skip to main content


Title: Effective Social Network-Based Allocation of COVID-19 Vaccines
ABSTRACT We study allocation of COVID-19 vaccines to individuals based on the structural properties of their underlying social contact network. Using a realistic representation of a social contact network for the Commonwealth of Virginia, we study how a limited number of vaccine doses can be strategically distributed to individuals to reduce the overall burden of the pandemic.We show that allocation of vaccines based on individualsโ€™ degree (number of social contacts) and total social proximity time is significantly more effective than the usually used age-based allocation strategy in reducing the number of infections, hospitalizations and deaths. The overall strategy is robust even: (๐‘–) if the social contacts are not estimated correctly; (๐‘–๐‘–) if the vaccine efficacy is lower than expected or only a single dose is given; (๐‘–๐‘–๐‘–) if there is a delay in vaccine production and deployment; and (๐‘–๐‘ฃ) whether or not non-pharmaceutical interventions continue as vaccines are deployed. For reasons of implementability, we have used degree, which is a simple structural measure and can be easily estimated using several methods, including the digital technology available today. These results are significant, especially for resource-poor countries, where vaccines are less available, have lower efficacy, and are more slowly distributed.  more » « less
Award ID(s):
1633028 1916805 1918656 2028004 2027541
NSF-PAR ID:
10403978
Author(s) / Creator(s):
; ; ; ; ; ; ; ; ; ; ; ; ; ; ; ;
Date Published:
Journal Name:
Proceedings of the KDD Health Day (2022)
Page Range / eLocation ID:
4675 to 4683
Format(s):
Medium: X
Sponsoring Org:
National Science Foundation
More Like this
  1. null (Ed.)
    We study allocation of COVID-19 vaccines to individuals based on the structural properties of their underlying social contact network. Even optimistic estimates suggest that most countries will likely take 6 to 24 months to vaccinate their citizens. These time estimates and the emergence of new viral strains urge us to find quick and effective ways to allocate the vaccines and contain the pandemic. While current approaches use combinations of age-based and occupation-based prioritizations, our strategy marks a departure from such largely aggregate vaccine allocation strategies. We propose a novel agent-based modeling approach motivated by recent advances in (i) science of real-world networks that point to efficacy of certain vaccination strategies and (ii) digital technologies that improve our ability to estimate some of these structural properties. Using a realistic representation of a social contact network for the Commonwealth of Virginia, combined with accurate surveillance data on spatio-temporal cases and currently accepted models of within- and between-host disease dynamics, we study how a limited number of vaccine doses can be strategically distributed to individuals to reduce the overall burden of the pandemic. We show that allocation of vaccines based on individuals' degree (number of social contacts) and total social proximity time is signi ficantly more effective than the currently used age-based allocation strategy in terms of number of infections, hospitalizations and deaths. Our results suggest that in just two months, by March 31, 2021, compared to age-based allocation, the proposed degree-based strategy can result in reducing an additional 56{110k infections, 3.2{5.4k hospitalizations, and 700{900 deaths just in the Commonwealth of Virginia. Extrapolating these results for the entire US, this strategy can lead to 3{6 million fewer infections, 181{306k fewer hospitalizations, and 51{62k fewer deaths compared to age-based allocation. The overall strategy is robust even: (i) if the social contacts are not estimated correctly; (ii) if the vaccine efficacy is lower than expected or only a single dose is given; (iii) if there is a delay in vaccine production and deployment; and (iv) whether or not non-pharmaceutical interventions continue as vaccines are deployed. For reasons of implementability, we have used degree, which is a simple structural measure and can be easily estimated using several methods, including the digital technology available today. These results are signi ficant, especially for resource-poor countries, where vaccines are less available, have lower efficacy, and are more slowly distributed.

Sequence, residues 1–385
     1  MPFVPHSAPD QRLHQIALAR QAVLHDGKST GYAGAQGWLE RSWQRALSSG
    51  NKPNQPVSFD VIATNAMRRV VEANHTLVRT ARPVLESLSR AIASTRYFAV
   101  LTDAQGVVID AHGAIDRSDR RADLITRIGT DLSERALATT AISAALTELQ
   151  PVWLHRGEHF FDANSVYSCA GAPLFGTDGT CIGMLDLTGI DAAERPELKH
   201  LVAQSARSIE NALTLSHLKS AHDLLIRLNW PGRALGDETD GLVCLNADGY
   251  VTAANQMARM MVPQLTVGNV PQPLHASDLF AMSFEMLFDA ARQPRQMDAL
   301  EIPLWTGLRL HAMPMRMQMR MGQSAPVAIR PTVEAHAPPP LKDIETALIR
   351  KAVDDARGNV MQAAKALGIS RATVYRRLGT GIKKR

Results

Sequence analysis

more » « less
  2. null (Ed.)
    Background: COVID-19 vaccines have been approved and made available. While questions of vaccine allocation strategies have received significant attention, important questions remain regarding the potential impact of the vaccine given uncertainties regarding efficacy against transmission, availability, timing, and durability. Methods: We adapted a susceptible-exposed-infectious-recovered (SEIR) model to examine the potential impact on hospitalization and mortality assuming increasing rates of vaccine efficacy, coverage, and administration. We also evaluated the uncertainty of the vaccine to prevent infectiousness as well as the impact on outcomes based on the timing of distribution and the potential effects of waning immunity. Findings: Increased vaccine efficacy against disease reduces hospitalizations and deaths from COVID-19; however, the relative benefit of transmission blocking varied depending on the timing of vaccine distribution. Early in an outbreak, a vaccine that reduces transmission will be relatively more effective than one introduced later in the outbreak. In addition, earlier and accelerated implementation of a less effective vaccine is more impactful than later implementation of a more effective vaccine. These findings are magnified when considering the durability of the vaccine. Vaccination in the spring will be less impactful when immunity is less durable. Interpretation: Policy choices regarding non-pharmaceutical interventions, such as social distancing and face mask use, will need to remain in place longer if the vaccine is less effective at reducing transmission or distributed slower. In addition, the stage of the local outbreak greatly impacts the overall effectiveness of the vaccine in a region and should be considered when allocating vaccines.